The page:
Is Thailand a third world country? I will let you decide. I live in Chiang Mai which is the second most important city in Thailand after Bangkok.
My home is:
- 5 minutes from one of the biggest universities of the country
- 5 minutes from an olympic size swimming pool
- 10 minutes from a gigantic super modern mall
- 10 minutes from a health food store
- 5 minutes from an organic produce market
- 15 minutes from a national park
- 10 minutes from 3 big computer and electronics centers
- 10 minutes from a modern international airport
- 10 minutes from several major hospitals
- 10 minutes from a western style supermarket
- 5 minutes from a zoo
Doesn’t sound very third world, does it? I am definitely not deprived of anything. People here drive late model cars, WIFI is everywhere, and I don’t know anyone who does not have a mobile phone (and that includes teenagers of all ages).
The charm is that amongst all these modern amenities you find beautifully decorated and ornate temples, bustling markets which have not changed much in decades, barefoot monks collecting alms in the morning, and an unhurried lifestyle that makes you instantly feel at ease. Everyone has time to talk to you, absent are the harried looking businessmen who are rushing about, clutching their briefcases while nervously looking at their watch. Instead people smile at you and nobody seems to be in a hurry.
If you leave the city you soon encounter small towns and villages which have retained much of the simplicity of rural life without having been bypassed by modern life. Residents plant colorful trees, bushes and flowers in their gardens and along the road, they leisurely go about their business and always find time to chat and eat with their friends. Busy, colorful and noisy outdoor markets attract your senses in ways that you will never experience in the sterile environment of modern supermarkets.
Religion is not separate from secular life, but Buddhism is not mandated or forced on anyone. Monks are seen everywhere and they are very much part of life in Thailand. Most major decisions and most festivities and ceremonies involve the presence and the advice of monks, but there is no pressure or obligation to visit the temples. Buddhism is more a lifestyle than a religion. The spiritual and the mundane interact daily and cannot be segregated as they are by law in many western countries.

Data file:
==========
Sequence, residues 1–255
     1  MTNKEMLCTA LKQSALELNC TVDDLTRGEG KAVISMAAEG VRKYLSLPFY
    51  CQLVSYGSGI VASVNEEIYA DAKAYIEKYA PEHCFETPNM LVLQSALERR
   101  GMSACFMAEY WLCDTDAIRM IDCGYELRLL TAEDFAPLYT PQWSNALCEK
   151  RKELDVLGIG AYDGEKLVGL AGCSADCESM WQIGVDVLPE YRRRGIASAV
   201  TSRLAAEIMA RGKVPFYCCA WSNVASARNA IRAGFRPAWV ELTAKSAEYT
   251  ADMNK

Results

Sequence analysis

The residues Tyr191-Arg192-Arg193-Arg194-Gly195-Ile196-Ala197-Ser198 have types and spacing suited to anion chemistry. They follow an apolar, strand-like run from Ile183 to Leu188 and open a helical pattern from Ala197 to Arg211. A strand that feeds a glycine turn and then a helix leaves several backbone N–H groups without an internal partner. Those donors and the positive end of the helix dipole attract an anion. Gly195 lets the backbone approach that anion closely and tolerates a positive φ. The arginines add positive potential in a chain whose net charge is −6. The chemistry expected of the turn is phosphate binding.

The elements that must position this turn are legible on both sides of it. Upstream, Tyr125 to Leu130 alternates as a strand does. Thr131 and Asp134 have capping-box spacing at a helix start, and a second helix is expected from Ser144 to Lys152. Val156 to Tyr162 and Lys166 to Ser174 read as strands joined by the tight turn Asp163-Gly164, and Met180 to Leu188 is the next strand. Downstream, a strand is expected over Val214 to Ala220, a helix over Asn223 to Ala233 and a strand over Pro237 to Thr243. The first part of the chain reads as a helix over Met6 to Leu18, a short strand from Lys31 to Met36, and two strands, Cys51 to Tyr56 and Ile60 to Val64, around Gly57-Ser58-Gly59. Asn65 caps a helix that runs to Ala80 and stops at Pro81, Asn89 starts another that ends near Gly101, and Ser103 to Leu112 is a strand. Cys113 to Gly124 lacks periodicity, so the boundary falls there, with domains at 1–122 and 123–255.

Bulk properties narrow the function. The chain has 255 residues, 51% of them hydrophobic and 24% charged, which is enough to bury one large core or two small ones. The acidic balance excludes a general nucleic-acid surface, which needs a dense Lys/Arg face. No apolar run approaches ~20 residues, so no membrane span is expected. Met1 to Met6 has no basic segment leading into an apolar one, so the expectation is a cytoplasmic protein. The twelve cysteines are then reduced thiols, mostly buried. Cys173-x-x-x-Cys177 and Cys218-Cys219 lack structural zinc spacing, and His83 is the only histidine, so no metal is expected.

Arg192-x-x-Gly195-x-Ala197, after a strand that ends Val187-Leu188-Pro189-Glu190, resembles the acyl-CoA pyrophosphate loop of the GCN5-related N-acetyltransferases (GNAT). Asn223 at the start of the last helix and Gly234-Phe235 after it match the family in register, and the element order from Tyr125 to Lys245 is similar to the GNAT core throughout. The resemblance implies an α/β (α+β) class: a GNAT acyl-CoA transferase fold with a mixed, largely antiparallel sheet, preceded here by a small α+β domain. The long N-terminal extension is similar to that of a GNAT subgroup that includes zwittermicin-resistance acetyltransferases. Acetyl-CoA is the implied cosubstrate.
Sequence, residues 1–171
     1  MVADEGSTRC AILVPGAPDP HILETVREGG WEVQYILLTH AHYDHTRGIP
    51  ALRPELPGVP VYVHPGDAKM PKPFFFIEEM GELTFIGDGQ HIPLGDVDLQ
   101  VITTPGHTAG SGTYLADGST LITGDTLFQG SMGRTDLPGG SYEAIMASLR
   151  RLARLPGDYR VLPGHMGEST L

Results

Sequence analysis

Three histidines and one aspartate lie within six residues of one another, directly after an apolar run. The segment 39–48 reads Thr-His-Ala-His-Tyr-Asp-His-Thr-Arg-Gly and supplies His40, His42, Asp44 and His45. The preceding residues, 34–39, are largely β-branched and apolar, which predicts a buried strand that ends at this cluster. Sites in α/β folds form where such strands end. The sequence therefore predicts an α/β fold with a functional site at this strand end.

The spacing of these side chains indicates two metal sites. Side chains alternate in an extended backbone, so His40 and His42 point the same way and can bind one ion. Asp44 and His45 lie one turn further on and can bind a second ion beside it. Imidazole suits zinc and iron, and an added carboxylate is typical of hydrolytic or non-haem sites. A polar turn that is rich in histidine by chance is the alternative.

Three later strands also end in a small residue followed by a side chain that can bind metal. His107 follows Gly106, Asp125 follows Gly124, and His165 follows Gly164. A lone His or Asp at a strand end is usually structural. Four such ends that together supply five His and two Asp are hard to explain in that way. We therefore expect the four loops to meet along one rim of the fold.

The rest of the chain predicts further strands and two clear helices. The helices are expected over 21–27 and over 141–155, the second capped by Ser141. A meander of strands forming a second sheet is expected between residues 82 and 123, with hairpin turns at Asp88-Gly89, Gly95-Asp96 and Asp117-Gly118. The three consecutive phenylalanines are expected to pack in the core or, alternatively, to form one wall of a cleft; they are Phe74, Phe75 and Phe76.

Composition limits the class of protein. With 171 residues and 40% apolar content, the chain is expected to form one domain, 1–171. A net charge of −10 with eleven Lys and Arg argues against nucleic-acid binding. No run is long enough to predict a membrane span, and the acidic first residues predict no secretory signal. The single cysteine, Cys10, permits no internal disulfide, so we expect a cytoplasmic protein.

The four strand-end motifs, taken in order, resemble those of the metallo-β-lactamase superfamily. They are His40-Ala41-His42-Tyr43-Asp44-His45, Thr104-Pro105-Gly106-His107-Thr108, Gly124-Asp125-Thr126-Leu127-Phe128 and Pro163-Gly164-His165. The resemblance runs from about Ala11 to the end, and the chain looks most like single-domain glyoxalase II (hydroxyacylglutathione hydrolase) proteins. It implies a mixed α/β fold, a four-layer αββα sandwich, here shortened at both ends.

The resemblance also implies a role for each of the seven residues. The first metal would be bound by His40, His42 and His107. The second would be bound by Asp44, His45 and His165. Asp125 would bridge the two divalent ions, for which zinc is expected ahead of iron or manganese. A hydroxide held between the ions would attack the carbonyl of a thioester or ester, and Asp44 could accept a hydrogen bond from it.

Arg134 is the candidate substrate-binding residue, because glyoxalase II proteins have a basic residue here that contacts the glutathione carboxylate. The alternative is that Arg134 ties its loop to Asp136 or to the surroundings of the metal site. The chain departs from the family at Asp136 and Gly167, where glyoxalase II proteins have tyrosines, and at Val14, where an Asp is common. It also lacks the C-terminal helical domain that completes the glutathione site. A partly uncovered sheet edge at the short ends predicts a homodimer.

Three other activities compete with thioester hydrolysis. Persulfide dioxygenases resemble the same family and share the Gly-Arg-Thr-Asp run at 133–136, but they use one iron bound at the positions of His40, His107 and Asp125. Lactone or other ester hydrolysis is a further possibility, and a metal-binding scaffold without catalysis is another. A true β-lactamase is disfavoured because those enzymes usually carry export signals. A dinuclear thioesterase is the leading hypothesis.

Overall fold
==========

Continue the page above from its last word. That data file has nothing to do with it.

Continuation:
Buddhism has given Thailand much of it’s greatest architecture, a lot of color and beauty, and much wisdom. It would never occur to any Buddhist to judge another religion or to attempt to convert anyone to Buddhism. Temple activities are open to Buddhists and non Buddhists alike - there is no concept of non-believers or segregation of religions. Buddhism is very tolerant and accomodating.
Thailand’s south is the beach scene whereas the north is characterized by scenic mountains, culture, and lots of great places to see. Travel in Thailand is very easy and the infrastructure is mostly very good. There are some rural and remote areas which will remind you of third world images. Overall it is fair to say that Thailand is not a third world country, but a developing, or second world nation.
Living in a vibrant city like Chiang Mai combines modern lifestyle and amenities with the ambience of ancient culture and a relaxed and pleasant way of life. Living in Thailand’s capital of Bangkok thrusts you into a more accelerated and westernized lifestyle which has lost some of its charm. Living in the rural or more remote areas of Thailand can be very peaceful and beautiful although the tradeoff is less access to modern amenities, shopping and facilities.
Particularly Chiang Mai is somewhat of a New Age hub with many massage schools, yoga centers, meditation retreats, Qigong training, energy healing, and many others. One aspect which makes life in Thailand very pleasant is that the Thais are mostly very friendly and helpful. It is very rare to see Thais get angry, and with some exceptions they are never pushy or aggressive in any way. Most people feel instantly at ease in Thailand, and tens of thousands of westerners have succumbed to the charm of this country and have settled here for good.
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